Any Vegas users try Final Cut Pro?

RealityStudio wrote on 1/5/2021, 3:38 PM

Was curious if anyone here is familiar with both Vegas Pro and Final Cut Pro and how they compare to each other as far as ease of use. I've used Vegas since version 4 and I've accepted that it's performance will always be slow but the tradeoff was worth it for how fast I can edit in it compared to other editors like Premiere Pro and Davinci which I find just too cumbersome to edit in for what I do. I've never used Final Cut Pro as I don't have a Mac, but the new M1 based Macs are really tempting me since every video I watch on them shows amazing performance even on a cheap little laptop.

So any thoughts from users that have used both as to how easy Final Cut Pro is to edit in compared to Vegas Pro? Does Final Cut Pro work more like Premiere Pro and/or Davinci or is it it's own style? I've tried to do research on this elsewhere but it's hard to find people that have actually used Vegas Pro for many years and hence hard to get proper comparison information.

 

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fr0sty wrote on 1/5/2021, 3:56 PM

Final Cut is very limiting. It doesn't accept anywhere as near as many formats natively, its color tools leave a lot to be desired, and in general, it seems to try to hold your hand through too much preset based stuff vs. giving you fine grain control over what you are trying to do. Ditto for output formats (ProRes or H264/HEVC only) unless you pay extra for compressor.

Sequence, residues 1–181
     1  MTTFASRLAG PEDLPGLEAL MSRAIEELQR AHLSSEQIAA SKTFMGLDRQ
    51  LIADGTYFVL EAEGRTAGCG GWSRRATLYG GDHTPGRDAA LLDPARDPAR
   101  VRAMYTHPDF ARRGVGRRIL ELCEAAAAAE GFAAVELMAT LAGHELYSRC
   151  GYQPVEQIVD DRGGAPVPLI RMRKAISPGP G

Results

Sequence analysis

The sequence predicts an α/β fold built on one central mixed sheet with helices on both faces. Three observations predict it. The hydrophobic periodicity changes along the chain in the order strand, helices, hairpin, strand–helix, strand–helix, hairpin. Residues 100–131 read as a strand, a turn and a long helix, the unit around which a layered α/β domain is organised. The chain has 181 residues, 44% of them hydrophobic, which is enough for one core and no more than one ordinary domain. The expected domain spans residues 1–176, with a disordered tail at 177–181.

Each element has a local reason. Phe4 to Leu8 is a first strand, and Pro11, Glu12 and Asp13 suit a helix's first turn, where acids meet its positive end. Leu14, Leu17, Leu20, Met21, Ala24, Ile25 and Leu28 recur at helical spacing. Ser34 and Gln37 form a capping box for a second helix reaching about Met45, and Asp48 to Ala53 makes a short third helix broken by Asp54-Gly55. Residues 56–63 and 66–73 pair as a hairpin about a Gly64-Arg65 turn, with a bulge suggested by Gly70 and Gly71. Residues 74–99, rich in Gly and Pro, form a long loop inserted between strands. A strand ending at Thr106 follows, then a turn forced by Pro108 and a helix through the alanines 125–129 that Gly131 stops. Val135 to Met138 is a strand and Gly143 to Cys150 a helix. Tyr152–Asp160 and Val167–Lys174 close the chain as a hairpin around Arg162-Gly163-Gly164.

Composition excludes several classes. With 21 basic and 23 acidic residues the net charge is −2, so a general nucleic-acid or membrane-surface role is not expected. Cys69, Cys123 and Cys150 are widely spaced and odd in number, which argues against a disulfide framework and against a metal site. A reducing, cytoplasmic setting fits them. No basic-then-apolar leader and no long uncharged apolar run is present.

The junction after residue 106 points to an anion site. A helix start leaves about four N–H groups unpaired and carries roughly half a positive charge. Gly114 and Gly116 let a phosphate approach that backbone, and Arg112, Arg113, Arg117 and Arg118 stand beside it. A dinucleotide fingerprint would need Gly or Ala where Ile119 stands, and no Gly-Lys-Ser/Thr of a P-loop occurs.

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set wrote on 1/5/2021, 4:21 PM

I had a chance to try FCP X many years ago - but I forgot what version that time. Be prepared with 'always auto ripple-all track mode' timeline workflow, because, in short, the way I still remember that time, there is no Video Tracks 'interface' pictured on their timeline - but you might need to go for 'Main Video track' then goes up adding 'Secondary Video Track' above the main. The 'Secondary Track' will always 'attached' to 'Main track' below.

For me that time - it's very frustrating on doing editing there.

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RealityStudio wrote on 1/5/2021, 4:21 PM

Thanks for the info! The only format I use is H264 for input and output, although I may switch to H265 for input in the future since I mostly film with a Sony A7S3. The only reason I don't use H265 currently to record in is because it's timeline performance is unusable in Vegas Pro at the moment, hence I'm sticking with H264 for now. So I think I'm ok on formats since H264/265 are the only ones I'm interested in anyways.

Didn't realize it had limits on color grading although I may be ok there as well since I mostly just use presets on Filmconvert, and I know Filmconvert has a Final Cut Version.

Any idea of how basic editing compares? What I love on Vegas is how fast anything can be done right on the timeline, was curious how it compares there.

 

RogerS wrote on 1/5/2021, 4:39 PM

Final Cut X is excellent and with its compound clips and non track-based approach faster for moving things around than Vegas. You move blank space like a clip, even. The paradigm is really different and I struggled for weeks until it made sense. Many people hate it.